Handgliders and paragliders make good use of the flat basin, perfect for easy landings. Some of the more adventurous ones could even be seen disappearing in and out of clouds that tumble down the sides of the mountains.
The area is perfect for hiking and mountain biking; we did both whilst we were there. Apparently, there are numerous wild animals and plants to be spotted, but the wildest thing we saw was a bleary eyed shepherd and five sheepdogs who thought that Odie looked like a good appetiser.
Assisi was our next stop. After staying in the ACSI campsite near to the town we caught an early shuttle bus in to visit the sights. The town has many churches, the most impressive being the Basilica. We arrived just in time to observe the somber experience of morning mass. Christine had to hire a shawl to cover her outrageously naked shoulders!
Assisi is bizarre. One the one hand it is very spiritual and focused on relinquishing personal belongings. On the other it is packed with shops trying to sell you tacky religious paraphernalia. It’s fascinating to see Jesus salad tongs, cathedral shaped pasta and mini crossbows, all for sale under the same roof.
Italy is a land of crazy drivers and our taxi driver was no exception. You’d think it impossible to gesticulate madly at passing cars with one arm, while the other flits constantly from hooter to radio to mobile phone, all the while constantly ignoring the steering wheel, but somehow our driver made the impossible a jaw-clenching reality.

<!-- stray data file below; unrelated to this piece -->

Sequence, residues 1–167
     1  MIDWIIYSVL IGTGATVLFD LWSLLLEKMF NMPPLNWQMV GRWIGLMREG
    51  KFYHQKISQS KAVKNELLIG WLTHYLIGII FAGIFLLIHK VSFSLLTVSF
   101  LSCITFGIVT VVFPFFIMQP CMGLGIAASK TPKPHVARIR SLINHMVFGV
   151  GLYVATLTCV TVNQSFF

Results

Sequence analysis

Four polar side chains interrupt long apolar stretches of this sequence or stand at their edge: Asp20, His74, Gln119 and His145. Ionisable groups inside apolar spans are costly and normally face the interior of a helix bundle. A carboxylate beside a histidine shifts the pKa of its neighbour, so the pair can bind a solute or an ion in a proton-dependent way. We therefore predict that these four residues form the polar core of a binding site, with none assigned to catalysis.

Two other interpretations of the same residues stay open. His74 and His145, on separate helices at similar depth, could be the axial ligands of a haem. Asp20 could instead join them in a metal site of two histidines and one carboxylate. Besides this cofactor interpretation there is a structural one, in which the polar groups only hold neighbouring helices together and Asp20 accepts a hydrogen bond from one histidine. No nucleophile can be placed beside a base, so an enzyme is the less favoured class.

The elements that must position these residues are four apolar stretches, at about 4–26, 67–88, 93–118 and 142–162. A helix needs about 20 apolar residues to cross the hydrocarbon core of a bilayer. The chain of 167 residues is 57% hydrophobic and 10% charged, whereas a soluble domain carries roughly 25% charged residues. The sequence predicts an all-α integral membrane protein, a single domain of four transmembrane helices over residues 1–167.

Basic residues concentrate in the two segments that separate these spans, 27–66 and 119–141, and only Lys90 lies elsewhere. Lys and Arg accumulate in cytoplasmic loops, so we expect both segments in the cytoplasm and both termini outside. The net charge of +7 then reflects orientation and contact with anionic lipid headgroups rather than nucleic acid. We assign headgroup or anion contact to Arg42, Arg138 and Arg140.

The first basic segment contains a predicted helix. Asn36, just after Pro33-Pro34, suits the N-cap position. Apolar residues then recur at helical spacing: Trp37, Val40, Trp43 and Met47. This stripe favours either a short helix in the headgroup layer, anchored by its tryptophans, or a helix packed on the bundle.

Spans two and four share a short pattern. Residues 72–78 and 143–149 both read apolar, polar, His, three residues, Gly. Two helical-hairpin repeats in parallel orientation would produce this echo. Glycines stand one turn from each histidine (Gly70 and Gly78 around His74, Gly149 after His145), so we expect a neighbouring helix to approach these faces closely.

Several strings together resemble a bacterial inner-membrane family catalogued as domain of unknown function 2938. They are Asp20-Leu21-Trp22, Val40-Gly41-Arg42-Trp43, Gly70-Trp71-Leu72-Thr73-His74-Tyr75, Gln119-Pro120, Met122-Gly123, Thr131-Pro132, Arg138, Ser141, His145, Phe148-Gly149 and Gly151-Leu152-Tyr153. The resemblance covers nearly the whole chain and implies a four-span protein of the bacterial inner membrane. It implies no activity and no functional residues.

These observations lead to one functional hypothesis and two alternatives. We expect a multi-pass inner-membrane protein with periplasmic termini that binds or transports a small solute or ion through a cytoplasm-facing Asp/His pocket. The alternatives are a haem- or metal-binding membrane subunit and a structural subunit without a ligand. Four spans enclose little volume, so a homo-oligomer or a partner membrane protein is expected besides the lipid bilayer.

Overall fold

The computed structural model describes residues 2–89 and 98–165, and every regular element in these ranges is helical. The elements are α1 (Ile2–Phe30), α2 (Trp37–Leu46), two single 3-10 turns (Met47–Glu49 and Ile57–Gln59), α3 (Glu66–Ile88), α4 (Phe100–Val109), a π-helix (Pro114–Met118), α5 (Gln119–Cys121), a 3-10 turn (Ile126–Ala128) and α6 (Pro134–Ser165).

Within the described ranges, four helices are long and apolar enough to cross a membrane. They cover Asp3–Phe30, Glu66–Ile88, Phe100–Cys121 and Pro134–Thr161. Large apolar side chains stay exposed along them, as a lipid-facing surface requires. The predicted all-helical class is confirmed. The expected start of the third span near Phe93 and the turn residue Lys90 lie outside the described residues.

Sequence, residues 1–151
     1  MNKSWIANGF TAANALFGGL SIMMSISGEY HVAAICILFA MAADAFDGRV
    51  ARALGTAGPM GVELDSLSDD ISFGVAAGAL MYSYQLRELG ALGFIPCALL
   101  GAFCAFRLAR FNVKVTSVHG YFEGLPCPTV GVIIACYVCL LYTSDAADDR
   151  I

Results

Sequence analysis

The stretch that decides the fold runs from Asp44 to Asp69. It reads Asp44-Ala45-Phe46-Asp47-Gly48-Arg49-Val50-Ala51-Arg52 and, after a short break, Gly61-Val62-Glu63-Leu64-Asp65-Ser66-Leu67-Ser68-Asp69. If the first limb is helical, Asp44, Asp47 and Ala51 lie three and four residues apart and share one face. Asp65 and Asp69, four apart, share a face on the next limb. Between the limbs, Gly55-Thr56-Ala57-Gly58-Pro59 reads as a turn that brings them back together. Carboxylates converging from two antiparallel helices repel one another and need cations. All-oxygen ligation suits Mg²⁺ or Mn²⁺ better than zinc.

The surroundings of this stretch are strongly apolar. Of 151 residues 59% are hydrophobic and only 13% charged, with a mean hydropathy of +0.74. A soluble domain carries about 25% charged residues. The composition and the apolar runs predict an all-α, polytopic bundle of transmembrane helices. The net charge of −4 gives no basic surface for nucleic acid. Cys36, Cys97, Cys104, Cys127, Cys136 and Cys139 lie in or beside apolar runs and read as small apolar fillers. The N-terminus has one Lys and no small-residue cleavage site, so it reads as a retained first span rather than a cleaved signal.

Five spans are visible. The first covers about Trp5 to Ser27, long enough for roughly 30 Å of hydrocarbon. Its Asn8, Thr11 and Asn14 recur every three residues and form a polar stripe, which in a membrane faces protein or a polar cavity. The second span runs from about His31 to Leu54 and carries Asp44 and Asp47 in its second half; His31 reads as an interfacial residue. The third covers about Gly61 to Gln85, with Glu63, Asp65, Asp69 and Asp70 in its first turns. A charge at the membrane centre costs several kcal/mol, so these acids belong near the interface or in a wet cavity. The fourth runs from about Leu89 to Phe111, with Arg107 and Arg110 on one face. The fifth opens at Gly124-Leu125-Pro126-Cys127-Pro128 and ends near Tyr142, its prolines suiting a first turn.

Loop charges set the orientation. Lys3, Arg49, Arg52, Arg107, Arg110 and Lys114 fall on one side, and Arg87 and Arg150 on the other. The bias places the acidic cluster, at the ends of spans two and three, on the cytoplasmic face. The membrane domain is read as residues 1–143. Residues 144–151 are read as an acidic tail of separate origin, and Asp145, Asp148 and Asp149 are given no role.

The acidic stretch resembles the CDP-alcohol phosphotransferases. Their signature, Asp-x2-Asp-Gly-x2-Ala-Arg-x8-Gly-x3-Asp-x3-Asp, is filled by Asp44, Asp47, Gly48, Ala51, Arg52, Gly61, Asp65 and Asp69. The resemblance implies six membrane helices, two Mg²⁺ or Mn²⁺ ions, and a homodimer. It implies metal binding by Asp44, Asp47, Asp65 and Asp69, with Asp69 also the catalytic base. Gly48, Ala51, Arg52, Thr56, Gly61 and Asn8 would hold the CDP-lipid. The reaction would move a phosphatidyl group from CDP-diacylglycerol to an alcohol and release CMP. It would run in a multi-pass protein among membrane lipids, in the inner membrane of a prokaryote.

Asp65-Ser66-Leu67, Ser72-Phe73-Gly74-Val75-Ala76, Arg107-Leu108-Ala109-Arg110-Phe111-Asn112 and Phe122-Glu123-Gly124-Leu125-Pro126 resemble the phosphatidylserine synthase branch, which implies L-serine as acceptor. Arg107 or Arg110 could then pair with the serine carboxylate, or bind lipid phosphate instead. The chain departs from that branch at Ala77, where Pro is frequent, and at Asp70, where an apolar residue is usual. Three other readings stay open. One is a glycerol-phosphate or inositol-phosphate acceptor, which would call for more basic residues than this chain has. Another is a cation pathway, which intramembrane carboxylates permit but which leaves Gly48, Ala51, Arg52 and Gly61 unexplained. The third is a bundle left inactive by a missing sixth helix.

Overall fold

We made a quick pit stop on our way to the Valnerina, in Norcia. This town is famous for its salami (apparently the best in Italy) and truffles. Wild boar heads stare out at you from the numerous butchers on the main drag, an unsubtle reminder of what the sausages are made from. We bought both and were not disappointed. Boar and truffles squashed into cylinders is a most delicious treat!
Perugia, a hill top town in Umbria, Italy was our destination for the day. Much to my dismay I was unable to organise a tour of the local chocolate factory. Such factories should be open 24 hours per day by law! I had to console myself with a delicious organic lunch of freshly made pasta and wild boar sauce. We made an effort to work off our indulgent lunch by marching up and down the many Perugian staircases, some of which ultimately lead to nowhere. The town has many pretty sights and plenty of photographic opportunities.